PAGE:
During her last visit to the Williston Northampton School in 2010, Debra Monroe talked about her moving memoir, On the Outskirts of Normal, the unsentimental story about a white woman who adopts a black baby in small town Texas.
Ms. Monroe’s latest memoir finds her reaching even farther back into her history for a tale that’s both arresting and full of wit and poise. On November 3, she returns to Williston for the 2015 Writers Workshop Series, where she will discuss My Unsentimental Education, the story of her journey from the working class in Spooner, Wisconsin to the professional class in Austin, Texas.
As with all lectures in the series, Ms. Monroe’s talk is free and open to the public and will begin at 7:00 p.m. in the Dodge Room, Reed Campus Center.
Ms. Monroe, who teaches at Texas State University, has written The Source of Trouble, which won the prestigious Flannery O’Connor Award for Short Fiction; A Wild, Cold State, a book of stories; and the novels Newfangled and Shambles. In 2010, she published her first memoir, which focused on her experiences with her daughter in a small Texas town.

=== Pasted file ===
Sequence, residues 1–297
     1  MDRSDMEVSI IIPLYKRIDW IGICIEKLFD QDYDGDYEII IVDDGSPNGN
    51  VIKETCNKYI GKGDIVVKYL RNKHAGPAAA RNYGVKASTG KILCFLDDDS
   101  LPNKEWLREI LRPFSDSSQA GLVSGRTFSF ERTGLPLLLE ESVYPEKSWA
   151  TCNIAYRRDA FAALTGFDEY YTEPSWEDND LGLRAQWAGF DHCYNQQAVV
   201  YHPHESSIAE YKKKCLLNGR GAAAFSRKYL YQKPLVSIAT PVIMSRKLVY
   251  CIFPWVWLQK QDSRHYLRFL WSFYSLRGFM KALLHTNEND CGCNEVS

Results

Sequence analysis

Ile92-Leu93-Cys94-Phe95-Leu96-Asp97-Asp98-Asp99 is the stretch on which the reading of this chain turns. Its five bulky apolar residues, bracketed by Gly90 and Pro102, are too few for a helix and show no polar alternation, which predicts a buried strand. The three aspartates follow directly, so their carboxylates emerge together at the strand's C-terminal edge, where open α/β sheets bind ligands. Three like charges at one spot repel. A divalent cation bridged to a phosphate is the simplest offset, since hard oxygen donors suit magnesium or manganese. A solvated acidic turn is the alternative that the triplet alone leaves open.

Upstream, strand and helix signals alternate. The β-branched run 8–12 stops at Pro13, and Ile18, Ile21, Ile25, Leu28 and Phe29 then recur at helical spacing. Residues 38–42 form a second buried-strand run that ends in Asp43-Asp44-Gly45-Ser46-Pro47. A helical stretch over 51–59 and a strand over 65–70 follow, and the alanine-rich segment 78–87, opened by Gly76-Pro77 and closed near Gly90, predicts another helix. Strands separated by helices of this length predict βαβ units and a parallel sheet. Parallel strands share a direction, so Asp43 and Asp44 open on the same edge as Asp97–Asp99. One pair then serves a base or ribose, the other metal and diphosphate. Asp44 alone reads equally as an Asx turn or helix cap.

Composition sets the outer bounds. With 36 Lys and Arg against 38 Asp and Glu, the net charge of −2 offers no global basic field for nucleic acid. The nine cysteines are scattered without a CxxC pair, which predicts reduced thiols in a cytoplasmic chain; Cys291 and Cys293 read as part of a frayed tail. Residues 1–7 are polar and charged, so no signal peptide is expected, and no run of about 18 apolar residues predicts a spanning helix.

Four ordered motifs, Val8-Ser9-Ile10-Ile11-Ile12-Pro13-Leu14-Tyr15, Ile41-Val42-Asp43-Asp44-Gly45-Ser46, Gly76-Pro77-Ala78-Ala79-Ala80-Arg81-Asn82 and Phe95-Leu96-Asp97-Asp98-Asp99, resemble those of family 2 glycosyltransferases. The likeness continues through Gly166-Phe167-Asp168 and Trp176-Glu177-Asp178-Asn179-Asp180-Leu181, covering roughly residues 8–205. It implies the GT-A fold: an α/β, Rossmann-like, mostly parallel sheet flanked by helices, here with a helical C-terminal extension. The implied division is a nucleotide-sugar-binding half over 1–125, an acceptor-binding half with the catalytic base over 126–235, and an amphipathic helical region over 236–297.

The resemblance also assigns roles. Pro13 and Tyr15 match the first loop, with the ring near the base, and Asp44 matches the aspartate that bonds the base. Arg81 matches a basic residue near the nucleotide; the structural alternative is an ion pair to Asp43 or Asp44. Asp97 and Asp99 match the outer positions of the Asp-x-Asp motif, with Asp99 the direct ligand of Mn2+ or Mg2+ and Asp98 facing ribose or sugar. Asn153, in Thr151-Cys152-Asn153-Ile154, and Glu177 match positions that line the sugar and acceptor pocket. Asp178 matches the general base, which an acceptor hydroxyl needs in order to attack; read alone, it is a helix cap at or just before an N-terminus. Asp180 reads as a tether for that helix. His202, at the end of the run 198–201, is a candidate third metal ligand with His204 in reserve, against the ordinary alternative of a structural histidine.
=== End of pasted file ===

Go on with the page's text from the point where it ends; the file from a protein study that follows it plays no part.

Her newest memoir, My Unsentimental Education, explores the gritty side of Ms. Monroe’s hometown of Spooner, Wisconsin—with its farms, bars and strip joints—and her journey from that point. As Phillip Lopate writes, “This picaresque memoir of a woman with brains and desires (not always operating in unison) is a joy. It tracks a runaway life with consummate control and aphoristic wit.”
The Writers’ Workshop Series was created by celebrated authors and Williston parents Madeleine Blais P’00, ’04 and Elinor Lipman P’00 in 1998. During the series, which takes place each fall, four well-established writers visit campus to give public lectures and offer hands-on instruction with students.
This year, the series has already featured talks by American journalist and author David Maraniss and documentarian Ian Cheney. The final lecture with novelist John Katzenbach will take place on November 9 in the Dodge Room.